I want to know what these things signify in terms of social status, profession, regional identity, idiosyncratic personality, but these details are left unexplained. The poses are mostly the same. The compositions certainly are: a view from the waist up, with the figure facing the viewer, the majority in three-quarter turn, a few almost directly facing the viewer, taking up most of the canvas, mostly men standing, sometimes a seated woman, with fine fabrics or armor and jewelry and stylistic accoutrements clearly displayed. Though the curators added to the exhibition physical elements such as the dresses that are representative of the period, and examples of weaponry of the time, I get no joy from this. It’s not until I reach the last gallery where it’s mostly Giorgio Vasari and Bronzino creating allegorical images with an almost Mannerist gloss that I more fully engage. Vasari’s “Six Tuscan Poets” (1544) has far more compositional innovation than the majority of portraits in the show. Here, the fingers of the characters point to books that seem to be of importance (though their significance isn’t explained) and their physical proximity suggest that together they constitute a coherent group or movement. And Bronzino’s “Cosimo I de’Medici as Orpheus” (1537–39) gives me the figure nude with potent musculature, looking back over his left shoulder, while a dog (Cerberus) glares at him red-eyed and fearsome. Here, some drama actually appears in the image itself.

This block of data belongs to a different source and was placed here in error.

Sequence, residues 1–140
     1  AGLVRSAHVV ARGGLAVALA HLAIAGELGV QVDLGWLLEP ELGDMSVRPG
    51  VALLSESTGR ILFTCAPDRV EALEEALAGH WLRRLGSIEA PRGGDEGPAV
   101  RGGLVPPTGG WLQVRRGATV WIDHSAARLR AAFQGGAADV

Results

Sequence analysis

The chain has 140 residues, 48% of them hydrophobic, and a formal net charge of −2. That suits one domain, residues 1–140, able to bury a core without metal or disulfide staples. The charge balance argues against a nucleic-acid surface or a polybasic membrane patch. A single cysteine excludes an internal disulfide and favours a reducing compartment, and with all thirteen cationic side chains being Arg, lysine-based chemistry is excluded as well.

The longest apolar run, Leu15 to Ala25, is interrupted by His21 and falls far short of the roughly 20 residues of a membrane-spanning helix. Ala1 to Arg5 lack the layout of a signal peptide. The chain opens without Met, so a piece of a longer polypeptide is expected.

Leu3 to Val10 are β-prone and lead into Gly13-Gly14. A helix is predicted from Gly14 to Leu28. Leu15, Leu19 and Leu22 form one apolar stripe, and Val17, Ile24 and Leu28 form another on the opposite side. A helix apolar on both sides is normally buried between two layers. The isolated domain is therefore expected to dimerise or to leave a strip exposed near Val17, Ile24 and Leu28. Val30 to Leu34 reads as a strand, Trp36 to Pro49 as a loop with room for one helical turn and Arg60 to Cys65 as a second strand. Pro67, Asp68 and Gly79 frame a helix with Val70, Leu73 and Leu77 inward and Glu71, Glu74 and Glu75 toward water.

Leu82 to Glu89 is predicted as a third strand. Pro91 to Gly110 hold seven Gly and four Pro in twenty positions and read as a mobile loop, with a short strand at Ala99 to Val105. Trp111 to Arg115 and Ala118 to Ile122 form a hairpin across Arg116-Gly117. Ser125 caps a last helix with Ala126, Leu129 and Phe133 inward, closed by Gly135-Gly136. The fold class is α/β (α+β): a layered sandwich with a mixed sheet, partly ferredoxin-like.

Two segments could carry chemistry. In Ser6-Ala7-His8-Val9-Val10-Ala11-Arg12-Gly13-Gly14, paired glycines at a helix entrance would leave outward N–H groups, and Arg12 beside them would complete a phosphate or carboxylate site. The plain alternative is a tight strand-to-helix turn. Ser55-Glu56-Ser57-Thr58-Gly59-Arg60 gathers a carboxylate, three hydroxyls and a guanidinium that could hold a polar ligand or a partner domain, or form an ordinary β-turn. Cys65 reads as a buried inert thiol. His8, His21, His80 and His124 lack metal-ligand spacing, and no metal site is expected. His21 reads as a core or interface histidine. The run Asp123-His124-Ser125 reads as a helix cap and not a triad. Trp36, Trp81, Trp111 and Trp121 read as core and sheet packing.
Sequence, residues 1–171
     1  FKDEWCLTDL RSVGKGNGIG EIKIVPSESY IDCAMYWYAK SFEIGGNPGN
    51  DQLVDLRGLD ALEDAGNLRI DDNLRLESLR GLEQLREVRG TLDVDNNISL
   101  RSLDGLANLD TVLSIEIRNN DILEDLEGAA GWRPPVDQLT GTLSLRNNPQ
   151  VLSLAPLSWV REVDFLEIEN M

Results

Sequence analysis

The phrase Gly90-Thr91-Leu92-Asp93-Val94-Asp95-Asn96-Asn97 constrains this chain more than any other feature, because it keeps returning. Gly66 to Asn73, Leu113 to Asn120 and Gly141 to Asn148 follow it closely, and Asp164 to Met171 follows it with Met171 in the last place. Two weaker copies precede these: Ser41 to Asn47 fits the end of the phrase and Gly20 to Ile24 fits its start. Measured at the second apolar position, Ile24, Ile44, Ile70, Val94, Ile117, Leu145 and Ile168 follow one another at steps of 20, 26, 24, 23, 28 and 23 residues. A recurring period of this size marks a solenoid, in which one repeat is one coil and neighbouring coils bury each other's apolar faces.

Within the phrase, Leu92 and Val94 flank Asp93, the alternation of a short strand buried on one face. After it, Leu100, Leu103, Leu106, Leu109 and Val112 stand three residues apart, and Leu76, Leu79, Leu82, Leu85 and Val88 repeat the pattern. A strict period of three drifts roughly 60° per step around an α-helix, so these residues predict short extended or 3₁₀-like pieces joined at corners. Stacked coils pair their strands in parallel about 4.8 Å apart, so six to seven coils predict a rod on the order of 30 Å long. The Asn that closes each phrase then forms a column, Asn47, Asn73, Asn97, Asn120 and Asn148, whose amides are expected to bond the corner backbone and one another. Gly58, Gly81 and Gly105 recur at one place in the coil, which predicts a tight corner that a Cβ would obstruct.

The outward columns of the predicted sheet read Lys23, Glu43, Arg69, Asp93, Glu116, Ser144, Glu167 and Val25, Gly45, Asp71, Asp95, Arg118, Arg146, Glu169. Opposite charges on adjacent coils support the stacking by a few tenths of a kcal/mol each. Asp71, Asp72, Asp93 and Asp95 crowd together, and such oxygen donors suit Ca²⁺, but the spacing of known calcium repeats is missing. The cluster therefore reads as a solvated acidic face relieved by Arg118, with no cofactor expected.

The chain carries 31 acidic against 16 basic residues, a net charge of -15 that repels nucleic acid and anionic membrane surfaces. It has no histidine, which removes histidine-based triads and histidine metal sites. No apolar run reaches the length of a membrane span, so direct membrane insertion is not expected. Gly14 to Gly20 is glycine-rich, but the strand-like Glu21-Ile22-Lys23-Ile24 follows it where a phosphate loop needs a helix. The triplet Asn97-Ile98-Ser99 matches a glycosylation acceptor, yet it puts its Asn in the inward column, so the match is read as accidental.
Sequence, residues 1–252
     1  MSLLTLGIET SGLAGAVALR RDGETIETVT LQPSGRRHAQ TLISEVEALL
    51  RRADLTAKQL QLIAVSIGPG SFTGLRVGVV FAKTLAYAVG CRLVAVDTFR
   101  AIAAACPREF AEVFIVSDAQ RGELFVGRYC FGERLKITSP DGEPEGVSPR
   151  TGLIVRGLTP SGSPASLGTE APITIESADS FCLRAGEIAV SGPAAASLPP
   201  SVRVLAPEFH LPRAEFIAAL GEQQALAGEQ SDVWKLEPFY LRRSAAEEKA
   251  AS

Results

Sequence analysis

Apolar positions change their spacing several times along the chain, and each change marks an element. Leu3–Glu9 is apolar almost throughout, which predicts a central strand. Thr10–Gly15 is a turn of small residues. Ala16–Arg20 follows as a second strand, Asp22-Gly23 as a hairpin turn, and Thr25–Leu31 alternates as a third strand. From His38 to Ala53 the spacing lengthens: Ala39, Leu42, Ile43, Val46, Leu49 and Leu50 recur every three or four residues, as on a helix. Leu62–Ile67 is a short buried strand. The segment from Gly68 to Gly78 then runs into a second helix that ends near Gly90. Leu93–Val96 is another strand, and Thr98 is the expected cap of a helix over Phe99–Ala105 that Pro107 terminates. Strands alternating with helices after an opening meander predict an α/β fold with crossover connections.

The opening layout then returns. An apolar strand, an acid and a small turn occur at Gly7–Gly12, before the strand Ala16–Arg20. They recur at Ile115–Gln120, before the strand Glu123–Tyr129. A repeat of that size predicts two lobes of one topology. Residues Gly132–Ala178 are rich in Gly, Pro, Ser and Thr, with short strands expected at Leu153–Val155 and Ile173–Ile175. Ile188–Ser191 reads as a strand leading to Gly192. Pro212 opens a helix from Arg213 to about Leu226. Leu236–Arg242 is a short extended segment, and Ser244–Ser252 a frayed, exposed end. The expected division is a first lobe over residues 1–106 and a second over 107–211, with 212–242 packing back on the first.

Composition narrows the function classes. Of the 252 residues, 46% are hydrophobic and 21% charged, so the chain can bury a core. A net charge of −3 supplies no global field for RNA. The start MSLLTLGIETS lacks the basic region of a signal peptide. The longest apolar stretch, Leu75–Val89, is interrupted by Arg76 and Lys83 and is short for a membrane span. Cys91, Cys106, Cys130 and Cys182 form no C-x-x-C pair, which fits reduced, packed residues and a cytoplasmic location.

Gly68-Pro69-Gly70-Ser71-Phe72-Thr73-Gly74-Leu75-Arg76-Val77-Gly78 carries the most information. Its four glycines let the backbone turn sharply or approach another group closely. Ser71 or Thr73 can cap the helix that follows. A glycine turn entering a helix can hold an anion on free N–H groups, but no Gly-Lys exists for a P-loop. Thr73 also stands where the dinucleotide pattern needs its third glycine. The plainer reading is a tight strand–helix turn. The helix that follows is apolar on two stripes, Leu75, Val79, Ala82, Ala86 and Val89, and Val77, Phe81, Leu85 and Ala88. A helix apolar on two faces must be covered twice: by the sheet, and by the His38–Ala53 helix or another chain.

But doing some research outside the show, I come to realize that this compositional style evolved from an earlier approach to portraiture that mostly showed the figure in profile, as the wealthy and powerful were depicted on the region’s currency. According to Laura Llewellyn, an associate curator at the National Gallery in London, “From about the 1450s, portraits of men increasingly showed the sitter turned towards the viewer.” This innovation began to move from mere observance of an idealized figure to direct engagement with the individual possessing a unique character. The exhibition catalogue is also helpful. Carlo Falciani, in his essay “Power and Identity in Sixteenth-Century Florentine Portraiture” explains that these works existed in a dialogue between imitation and portrayal: “Implicit in this dialogue between imitare and ritrarre was an evolution from naturalism to allegory that was not solely stylistic, and the central moment in Florence occurred under Cosimo I.” So the paintings here do represent an inflection point in formal technique which would affect how I think of portraits now.